All these things listed above were incredible blessings and things for which we are so grateful, but restful and relaxing they have not been! Being in the Bahamas was great fun, but chasing a three and four-year old around the ocean, while fun, was not relaxing.

I don't know all that I will have learned from my sabbatical- I think a great deal; however, I think the art of "relaxing" and being refreshed will be less a product of circumstance and more a matter of the heart. As originally planned, I have been off to Schuyler a few times this summer to retreat on Thursdays. However, how many times have I been in a hurry to get back to check e-mail and get things done and how often have these things occupied my heart and mind while on my "day retreat."

Lord have mercy. I think finding margin in my life and truly resting ultimately will come from a life that is growing and maturing in faith, faith in the Lord who gives us rest (Matt. 11:28), that He sees rest as inherently good (remember the seventh day creation thing?) and that building margin in our lives and recognizing our need for it as representative not of someone who is unproductive, rather as someone who recognizes the finitude of her humanity and is OK with living within its bounds (isn't there something here about "letting God be God"?).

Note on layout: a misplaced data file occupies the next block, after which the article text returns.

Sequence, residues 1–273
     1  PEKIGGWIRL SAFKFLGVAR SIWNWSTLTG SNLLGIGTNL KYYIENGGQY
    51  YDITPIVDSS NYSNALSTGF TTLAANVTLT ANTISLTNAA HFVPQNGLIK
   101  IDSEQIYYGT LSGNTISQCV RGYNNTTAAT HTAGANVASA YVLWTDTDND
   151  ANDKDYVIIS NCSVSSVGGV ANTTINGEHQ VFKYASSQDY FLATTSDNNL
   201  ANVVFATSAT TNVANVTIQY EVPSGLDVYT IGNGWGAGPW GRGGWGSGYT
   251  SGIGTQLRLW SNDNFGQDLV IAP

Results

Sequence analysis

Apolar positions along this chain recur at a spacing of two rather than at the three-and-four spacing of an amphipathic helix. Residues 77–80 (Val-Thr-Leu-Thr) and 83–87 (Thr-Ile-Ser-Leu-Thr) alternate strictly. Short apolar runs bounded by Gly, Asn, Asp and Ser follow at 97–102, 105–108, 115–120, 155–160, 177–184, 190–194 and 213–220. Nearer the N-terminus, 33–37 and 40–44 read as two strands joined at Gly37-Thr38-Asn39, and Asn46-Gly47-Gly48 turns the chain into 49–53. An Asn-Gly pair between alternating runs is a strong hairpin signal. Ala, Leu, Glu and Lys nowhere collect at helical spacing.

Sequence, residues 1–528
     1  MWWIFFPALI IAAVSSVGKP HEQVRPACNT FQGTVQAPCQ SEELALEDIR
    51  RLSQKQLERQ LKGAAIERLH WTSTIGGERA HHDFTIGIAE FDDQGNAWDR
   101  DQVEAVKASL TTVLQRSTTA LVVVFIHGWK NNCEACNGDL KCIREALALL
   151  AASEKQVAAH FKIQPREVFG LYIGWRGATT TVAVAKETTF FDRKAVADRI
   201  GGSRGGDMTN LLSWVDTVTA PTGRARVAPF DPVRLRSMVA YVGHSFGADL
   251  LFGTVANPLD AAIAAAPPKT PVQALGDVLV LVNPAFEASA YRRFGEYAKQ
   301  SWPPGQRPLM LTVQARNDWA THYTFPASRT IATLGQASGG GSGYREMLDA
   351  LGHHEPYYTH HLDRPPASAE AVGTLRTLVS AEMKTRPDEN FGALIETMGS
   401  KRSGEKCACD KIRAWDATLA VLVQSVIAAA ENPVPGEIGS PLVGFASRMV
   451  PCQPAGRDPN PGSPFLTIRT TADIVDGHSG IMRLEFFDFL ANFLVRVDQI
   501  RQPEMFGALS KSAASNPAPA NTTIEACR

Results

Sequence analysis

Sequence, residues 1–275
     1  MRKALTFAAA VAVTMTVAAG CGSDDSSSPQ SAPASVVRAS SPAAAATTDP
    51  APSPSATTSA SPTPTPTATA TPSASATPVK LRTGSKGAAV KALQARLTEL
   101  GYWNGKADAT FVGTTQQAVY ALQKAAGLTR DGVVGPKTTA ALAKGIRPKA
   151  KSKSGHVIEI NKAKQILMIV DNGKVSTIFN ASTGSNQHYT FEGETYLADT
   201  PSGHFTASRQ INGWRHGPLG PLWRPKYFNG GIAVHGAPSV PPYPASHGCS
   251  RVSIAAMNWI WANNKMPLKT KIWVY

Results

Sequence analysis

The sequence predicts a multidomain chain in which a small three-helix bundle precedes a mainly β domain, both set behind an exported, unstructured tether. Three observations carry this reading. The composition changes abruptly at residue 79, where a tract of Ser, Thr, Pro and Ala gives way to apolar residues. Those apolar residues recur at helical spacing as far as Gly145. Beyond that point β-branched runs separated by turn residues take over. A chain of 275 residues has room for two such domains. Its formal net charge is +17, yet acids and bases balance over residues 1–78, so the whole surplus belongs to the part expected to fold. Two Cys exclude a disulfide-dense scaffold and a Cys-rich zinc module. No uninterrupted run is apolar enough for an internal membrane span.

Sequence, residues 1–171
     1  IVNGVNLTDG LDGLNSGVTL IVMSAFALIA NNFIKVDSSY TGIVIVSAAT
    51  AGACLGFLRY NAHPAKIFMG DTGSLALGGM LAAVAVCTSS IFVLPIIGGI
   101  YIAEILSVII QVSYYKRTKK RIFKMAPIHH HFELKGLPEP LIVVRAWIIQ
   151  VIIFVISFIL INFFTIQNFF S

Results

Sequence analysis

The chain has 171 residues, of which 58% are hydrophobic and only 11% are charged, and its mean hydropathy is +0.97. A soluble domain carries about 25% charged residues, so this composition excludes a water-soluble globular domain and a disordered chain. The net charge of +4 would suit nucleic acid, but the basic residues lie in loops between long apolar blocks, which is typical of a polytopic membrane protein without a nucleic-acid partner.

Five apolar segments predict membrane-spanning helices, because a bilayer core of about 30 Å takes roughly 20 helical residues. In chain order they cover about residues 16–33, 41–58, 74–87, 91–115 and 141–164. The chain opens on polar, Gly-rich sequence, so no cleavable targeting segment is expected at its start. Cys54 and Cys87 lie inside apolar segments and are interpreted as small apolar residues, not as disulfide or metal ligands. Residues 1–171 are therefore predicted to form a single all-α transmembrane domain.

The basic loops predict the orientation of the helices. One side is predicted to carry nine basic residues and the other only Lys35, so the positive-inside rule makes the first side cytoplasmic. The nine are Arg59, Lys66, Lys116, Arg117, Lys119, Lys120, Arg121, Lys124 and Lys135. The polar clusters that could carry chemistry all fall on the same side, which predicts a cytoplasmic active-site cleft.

All that to say, the blog postings have been infrequent as of late. I know- life has gotten kind of crazy as of late. I hope to post some more before the sabbatical is over but am not decided if I will continue thereafter.

Well gotta run . . . and check my e-mail.